We get muscle fatigue in sport. At the end of a hard exercise routine and you can hardly push your body to do any more work.
Your muscles are suffering from fatigue, and you are ready to give up.
Well, this happens to your brain too.
Ego depletion refers to the idea that your willpower or ability to make good decisions comes from a limited amount of mental resources.
What is decision fatigue?
It’s different from ordinary physical fatigue — you’re not consciously aware of being tired — but you’re low on mental energy.
The more choices you make throughout the day, the harder each one becomes for your brain, and eventually it takes shortcuts, usually in either of two very different ways. One shortcut is to become reckless: it acts impulsively instead of using energy to think through the consequences. The other shortcut is the ultimate energy saving tactic: do nothing. Instead of agonizing over decisions, avoid any choice. Obviously avoiding a decision creates bigger problems in the long run, but for the moment, it eases the mental strain.
A recent study exposing the dangers of decision fatigue was conducted by Jonathan Levav of Stanford and Shai Danziger of Ben-Gurion University. Three prisoners who has each served 1/3 of their sentence were put in front of the same judge during the course of one day each seeking parole. The prisoner who saw the judge first thing in the morning was granted freedom whilst the others, seen later in the day, were denied. After reviewing over 1000 of these cases, the study unearthed that 70% of prisoners seen in the morning were granted freedom compared with those who appeared late in the day were paroled less than 10 percent of the time.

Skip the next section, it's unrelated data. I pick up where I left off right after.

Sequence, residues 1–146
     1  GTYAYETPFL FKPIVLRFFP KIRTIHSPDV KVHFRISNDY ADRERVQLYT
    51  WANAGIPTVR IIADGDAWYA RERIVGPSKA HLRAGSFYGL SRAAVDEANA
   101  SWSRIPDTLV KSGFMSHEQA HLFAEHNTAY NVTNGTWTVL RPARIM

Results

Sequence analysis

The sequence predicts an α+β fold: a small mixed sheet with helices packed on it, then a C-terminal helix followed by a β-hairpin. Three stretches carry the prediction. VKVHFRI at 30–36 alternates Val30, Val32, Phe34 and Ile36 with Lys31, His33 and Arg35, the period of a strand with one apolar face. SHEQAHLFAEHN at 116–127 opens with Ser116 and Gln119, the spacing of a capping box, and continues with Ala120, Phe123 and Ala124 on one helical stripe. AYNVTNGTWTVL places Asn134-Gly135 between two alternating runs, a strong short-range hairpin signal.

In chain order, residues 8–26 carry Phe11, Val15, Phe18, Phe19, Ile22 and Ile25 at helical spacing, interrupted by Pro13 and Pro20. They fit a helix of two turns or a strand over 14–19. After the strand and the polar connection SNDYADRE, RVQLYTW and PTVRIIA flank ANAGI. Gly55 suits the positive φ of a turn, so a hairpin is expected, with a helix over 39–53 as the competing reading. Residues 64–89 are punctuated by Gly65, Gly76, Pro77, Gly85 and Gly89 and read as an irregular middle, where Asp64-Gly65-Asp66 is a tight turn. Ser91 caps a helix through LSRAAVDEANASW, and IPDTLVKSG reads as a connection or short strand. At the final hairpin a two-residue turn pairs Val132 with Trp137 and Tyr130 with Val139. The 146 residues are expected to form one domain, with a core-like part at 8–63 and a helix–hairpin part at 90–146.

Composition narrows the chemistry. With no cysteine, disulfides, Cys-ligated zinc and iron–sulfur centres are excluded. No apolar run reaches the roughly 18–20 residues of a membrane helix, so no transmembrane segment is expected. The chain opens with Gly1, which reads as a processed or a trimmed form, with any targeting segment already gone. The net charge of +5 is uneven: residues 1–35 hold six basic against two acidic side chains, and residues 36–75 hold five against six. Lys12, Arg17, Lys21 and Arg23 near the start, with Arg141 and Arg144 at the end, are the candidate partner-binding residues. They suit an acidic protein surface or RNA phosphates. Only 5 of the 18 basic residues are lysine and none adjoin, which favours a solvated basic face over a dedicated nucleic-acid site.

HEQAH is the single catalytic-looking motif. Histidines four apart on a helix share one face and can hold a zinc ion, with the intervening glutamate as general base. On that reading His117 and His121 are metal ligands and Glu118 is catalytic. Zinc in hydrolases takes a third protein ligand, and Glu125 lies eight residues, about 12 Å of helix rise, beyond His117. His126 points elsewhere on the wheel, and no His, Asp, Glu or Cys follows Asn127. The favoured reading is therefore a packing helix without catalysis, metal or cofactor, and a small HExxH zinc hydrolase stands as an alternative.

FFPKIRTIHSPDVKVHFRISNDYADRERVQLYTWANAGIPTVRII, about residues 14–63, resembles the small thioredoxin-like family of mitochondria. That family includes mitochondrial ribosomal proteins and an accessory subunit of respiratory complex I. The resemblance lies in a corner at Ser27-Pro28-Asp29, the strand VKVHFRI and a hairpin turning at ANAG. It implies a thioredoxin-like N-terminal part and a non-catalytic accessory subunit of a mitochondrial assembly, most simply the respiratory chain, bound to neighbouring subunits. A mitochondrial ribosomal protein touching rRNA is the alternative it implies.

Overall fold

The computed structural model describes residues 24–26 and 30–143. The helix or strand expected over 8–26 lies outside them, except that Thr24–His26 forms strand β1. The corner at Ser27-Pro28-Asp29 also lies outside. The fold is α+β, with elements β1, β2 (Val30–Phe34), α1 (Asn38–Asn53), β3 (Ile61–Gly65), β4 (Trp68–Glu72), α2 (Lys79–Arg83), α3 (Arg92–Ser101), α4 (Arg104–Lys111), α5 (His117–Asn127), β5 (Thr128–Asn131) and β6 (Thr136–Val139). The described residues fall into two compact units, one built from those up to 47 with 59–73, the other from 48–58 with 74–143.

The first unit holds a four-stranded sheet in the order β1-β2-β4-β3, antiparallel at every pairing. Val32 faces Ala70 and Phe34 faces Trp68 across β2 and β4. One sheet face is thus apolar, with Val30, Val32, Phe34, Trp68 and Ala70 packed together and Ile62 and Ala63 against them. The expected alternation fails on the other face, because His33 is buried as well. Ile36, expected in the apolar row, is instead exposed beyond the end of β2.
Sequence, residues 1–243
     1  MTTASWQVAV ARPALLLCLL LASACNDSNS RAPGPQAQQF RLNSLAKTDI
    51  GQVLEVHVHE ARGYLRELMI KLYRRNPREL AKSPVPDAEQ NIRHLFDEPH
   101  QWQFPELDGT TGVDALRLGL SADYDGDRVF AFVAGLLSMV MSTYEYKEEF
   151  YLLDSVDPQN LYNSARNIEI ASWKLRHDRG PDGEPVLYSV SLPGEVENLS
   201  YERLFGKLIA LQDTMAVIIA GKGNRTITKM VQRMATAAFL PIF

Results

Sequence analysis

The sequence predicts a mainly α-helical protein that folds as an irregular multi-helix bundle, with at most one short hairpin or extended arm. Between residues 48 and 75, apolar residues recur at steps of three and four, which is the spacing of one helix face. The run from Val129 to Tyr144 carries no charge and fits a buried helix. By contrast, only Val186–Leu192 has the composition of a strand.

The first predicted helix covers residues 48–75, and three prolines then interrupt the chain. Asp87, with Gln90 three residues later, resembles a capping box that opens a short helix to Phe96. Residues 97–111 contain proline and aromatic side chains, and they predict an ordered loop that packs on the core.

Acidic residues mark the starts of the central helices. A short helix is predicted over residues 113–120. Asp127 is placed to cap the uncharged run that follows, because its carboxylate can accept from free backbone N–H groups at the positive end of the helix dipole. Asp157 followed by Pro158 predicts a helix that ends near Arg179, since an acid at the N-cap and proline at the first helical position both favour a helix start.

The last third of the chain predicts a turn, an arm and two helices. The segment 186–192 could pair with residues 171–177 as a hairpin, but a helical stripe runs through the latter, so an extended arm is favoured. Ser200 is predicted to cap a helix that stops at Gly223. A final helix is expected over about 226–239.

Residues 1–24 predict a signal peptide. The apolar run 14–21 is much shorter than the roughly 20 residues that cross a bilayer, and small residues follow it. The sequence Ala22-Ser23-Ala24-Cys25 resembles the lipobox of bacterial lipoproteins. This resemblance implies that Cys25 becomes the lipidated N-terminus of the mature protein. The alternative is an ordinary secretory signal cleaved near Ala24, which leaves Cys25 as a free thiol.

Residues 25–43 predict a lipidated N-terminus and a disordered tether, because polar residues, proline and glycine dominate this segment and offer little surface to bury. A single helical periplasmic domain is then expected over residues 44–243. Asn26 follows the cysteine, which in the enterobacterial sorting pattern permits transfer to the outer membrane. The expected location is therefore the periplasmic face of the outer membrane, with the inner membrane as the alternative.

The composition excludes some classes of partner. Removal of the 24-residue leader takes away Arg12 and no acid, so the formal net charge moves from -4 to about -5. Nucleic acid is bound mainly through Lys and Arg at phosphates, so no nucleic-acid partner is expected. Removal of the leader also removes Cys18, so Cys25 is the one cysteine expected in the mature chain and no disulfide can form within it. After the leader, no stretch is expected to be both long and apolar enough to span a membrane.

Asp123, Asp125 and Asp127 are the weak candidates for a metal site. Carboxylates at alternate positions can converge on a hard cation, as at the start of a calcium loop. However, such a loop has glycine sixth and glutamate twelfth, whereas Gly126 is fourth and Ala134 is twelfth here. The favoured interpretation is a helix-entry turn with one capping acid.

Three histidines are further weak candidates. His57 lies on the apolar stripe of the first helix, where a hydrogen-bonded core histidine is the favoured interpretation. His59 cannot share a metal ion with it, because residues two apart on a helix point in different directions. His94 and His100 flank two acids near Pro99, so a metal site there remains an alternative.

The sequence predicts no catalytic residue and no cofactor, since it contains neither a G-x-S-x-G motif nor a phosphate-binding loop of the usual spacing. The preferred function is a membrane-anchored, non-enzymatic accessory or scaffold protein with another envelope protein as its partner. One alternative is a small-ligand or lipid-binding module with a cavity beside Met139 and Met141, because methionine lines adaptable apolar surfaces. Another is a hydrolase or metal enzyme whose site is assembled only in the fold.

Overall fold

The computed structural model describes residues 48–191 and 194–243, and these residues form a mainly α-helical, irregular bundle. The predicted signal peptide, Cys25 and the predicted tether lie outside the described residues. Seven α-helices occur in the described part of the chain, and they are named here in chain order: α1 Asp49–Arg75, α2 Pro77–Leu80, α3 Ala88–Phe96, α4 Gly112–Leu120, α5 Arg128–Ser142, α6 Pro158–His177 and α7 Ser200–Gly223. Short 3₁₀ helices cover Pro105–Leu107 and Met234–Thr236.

How to avoid decision fatigue
Now we understand that decision fatigue can plague every decision, even those making serious decisions, about the liberty of another cannot avoid it, here are some tips to make you more self-aware about when it could be impacting your decision making ability.
1. Don’t make important decisions at night
As we learnt from the above study, after a day of decision making, you are less likely to make a competent decision at the end of the day with low mental resources, so don’t put yourself in the position where you have to.
2. For daily decisions you routinely make – plan them in advance
This goes for route to work, what to eat for lunch and even what to wear to the work event. All of these things if left last minute can make us stressed, over eat or late so if you know you have to make a decision during a day and you are less likely to be able to spend much time on it, prepare the night before instead of reaching for the chips at lunch!
3.Three is the magic number
If you are faced with too many decisions at once narrow it down to three. This will help to prevent you from becoming overwhelmed with all of the information in front of you. If you feel you can’t make a decision with the three options you have chosen, then add another three, just always make sure you are only considering three things are once to not be overwhelmed and end up making no decision because of stress.
4. Don’t make any decisions when you are hungry
When you are hungry, your stomach produces a hormone called ghrelin, this negatively impacts decision making.This hormone decreases impulse control and increases the chances of making a bad decision. By studying rats, researchers found that, similar to humans, rodents find it difficult to resist a quick temptation when they have increased levels of gherkin. So, make sure that you are not making decisions when hungry, especially if it is later in the day and you are already prone to decision fatigue.
Simply being aware of decision fatigue, keeps you on track to make better decisions and avoid any consequences of irrational choices.